Christiane Löhr works with organic materials. She gathers ivy seeds, plant stalks, tree blossoms, and horsehairs, for example, to arrange them into elaborate geometric constructs. Rather than manipulation or alteration, she understands her practice as an act of “ordering”. This entails the careful evaluation of the involved ingredients, their overall structure and physical characteristics, such as resistance and elasticity. When studied up close, these sculptures pay homage to the wealth and delicacy of detail found in nature. These objects of nature further engage in a dialogue with architecture, and seen outside their natural context and carefully installed in manmade spaces they gain an iconic presence and clarity. Though Löhr’s oeuvre shares aesthetic qualities with Minimalism and the Arte Povera movement, her exclusive focus on nature makes for a rather unique stance. “My sculptures all share something”, she explains. “This might be defined as a whole, which is made up of a number of individual elements that suddenly seem inseparable. I have the sense that the work process itself is strict, each work has its own logic and follows a vision of clear gesture and form that comes from within.” Meanwhile, Löhr’s works on paper expand on the exploration of light. Whereas the sculptures are meticulous and precise, these works embrace a more gestural quality. Abstract, yet reminiscent of plant structures, these are rendered in a strictly black and white or grey and white palette. They are concentrated analyses of the interplay between translucency and opacity, biomorphic form and geometric rhythm.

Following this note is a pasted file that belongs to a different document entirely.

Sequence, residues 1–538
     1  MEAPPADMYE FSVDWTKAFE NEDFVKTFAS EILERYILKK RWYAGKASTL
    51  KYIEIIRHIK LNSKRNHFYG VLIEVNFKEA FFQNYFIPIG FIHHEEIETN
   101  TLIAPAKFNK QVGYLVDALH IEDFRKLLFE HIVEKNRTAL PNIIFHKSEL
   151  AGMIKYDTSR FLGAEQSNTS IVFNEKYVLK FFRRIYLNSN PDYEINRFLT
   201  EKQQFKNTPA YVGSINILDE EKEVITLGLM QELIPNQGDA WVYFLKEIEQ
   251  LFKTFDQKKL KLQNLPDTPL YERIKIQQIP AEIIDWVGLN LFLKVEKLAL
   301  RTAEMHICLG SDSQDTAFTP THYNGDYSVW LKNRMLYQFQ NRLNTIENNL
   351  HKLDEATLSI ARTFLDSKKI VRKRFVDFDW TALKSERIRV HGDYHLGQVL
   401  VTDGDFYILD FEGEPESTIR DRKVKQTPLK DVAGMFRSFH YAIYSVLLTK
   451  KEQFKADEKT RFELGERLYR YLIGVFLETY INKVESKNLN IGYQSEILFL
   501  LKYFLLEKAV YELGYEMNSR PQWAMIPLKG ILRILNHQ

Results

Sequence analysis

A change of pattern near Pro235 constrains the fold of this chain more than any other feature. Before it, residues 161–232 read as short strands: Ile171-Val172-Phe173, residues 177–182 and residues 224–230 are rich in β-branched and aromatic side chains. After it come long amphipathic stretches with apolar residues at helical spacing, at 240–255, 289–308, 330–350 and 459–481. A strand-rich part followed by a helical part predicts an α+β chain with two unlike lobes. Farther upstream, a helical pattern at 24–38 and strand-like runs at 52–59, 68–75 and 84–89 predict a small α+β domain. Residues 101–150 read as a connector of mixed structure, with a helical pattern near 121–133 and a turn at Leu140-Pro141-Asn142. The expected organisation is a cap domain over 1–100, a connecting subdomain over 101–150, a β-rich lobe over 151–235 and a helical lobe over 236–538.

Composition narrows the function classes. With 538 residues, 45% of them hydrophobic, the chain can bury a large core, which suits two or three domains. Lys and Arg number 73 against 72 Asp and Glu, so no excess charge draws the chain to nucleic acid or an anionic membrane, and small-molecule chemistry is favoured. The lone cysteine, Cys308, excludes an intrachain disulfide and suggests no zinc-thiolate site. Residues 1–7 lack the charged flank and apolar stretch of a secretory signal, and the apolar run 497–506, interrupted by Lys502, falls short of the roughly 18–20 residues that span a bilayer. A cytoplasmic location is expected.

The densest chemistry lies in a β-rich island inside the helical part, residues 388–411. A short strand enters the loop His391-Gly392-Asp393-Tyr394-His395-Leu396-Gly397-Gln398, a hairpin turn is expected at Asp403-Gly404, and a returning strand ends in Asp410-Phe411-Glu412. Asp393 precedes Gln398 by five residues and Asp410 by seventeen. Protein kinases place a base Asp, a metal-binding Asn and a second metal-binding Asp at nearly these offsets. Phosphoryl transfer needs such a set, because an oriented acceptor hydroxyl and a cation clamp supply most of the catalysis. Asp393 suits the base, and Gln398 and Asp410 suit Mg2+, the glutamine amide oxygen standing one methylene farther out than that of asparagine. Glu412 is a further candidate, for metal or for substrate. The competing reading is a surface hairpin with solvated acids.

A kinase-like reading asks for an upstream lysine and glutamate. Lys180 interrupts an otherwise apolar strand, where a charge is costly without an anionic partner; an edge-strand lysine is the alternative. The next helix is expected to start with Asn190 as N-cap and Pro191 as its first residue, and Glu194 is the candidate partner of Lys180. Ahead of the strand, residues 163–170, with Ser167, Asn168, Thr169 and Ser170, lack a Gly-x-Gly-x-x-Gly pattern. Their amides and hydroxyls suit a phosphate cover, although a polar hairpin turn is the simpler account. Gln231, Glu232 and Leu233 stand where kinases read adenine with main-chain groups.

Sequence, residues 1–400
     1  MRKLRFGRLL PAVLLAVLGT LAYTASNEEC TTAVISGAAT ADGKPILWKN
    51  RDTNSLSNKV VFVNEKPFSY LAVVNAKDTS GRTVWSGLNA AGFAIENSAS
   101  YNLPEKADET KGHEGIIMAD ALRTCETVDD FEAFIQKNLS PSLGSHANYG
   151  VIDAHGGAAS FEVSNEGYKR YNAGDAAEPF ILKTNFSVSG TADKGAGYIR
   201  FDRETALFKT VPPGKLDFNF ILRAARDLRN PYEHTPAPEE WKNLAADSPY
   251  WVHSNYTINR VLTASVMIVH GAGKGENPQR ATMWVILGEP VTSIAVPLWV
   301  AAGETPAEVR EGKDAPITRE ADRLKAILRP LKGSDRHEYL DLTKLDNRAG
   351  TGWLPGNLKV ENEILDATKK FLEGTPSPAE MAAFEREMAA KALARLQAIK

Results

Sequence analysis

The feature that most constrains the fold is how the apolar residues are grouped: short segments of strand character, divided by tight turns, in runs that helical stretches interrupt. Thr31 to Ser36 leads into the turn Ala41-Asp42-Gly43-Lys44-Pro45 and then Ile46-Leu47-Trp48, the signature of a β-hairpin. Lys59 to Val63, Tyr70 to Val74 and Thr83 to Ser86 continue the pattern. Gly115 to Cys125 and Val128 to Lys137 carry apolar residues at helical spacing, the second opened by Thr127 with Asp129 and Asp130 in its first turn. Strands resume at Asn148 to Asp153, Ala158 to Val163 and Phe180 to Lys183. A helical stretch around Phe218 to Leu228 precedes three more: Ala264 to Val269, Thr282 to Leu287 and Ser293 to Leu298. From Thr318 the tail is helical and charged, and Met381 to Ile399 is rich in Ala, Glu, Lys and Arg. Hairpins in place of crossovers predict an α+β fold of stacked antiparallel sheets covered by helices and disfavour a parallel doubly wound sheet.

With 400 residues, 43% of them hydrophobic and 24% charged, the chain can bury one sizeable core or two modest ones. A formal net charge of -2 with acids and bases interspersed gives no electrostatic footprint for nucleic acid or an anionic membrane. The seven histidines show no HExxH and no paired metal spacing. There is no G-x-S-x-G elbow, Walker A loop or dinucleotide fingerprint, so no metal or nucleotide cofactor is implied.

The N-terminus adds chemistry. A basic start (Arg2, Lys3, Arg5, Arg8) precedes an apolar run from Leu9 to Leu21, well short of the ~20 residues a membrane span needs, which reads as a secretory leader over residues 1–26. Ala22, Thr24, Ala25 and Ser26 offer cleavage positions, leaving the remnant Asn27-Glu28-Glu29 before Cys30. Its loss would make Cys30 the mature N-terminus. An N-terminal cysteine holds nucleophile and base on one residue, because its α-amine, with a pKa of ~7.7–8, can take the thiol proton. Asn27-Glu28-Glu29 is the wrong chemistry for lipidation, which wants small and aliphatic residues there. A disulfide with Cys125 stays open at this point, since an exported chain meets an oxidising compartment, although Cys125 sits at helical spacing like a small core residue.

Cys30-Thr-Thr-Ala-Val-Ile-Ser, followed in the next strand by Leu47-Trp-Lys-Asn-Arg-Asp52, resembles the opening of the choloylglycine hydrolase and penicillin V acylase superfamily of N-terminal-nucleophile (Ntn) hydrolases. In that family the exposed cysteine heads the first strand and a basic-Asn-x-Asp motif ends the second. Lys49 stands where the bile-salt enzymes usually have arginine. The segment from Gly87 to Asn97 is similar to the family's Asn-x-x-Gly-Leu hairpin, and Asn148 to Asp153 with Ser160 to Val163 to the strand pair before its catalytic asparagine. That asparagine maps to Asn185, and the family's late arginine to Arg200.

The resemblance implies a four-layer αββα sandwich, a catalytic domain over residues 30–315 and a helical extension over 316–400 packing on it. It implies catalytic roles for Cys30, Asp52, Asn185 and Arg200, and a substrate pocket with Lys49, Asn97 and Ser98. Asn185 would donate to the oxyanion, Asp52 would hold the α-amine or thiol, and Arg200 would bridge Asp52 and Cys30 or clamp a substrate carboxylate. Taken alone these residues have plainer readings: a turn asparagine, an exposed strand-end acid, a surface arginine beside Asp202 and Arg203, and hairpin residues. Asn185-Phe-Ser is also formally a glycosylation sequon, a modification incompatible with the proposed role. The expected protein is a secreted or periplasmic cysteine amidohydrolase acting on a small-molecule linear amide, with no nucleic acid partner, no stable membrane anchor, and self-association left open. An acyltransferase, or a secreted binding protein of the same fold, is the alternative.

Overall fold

Löhr was born in Wiesbaden in 1965. She has exhibited extensively in Europe and Asia, including at the 49th Biennale di Venezia. She is a recipient of The Shifting Foundation Award (2018). Recent institutional solo exhibitions include at the Tony Cragg Foundation - Skulpturenpark Waldfrieden in Wuppertal, Germany (2018), Kunsthaus Baselland, Switzerland (2016) and the Vangi Sculpture Garden Museum in Shizuoka, Japan (2015), and her solo exhibition at the Villa Panza in Varese, Italy (2010), was the last exhibition conceived by the acclaimed collector Giuseppe Panza. . Born in Wiesbaden in 1965, Löhr studied Egyptology, Archeology, Classics and History at the University of Bonn before enrolling at the Kunstakademie Düsseldorf, where she was a master student of Jannis Kounellis. She is based in Cologne, Germany and Prato, Italy.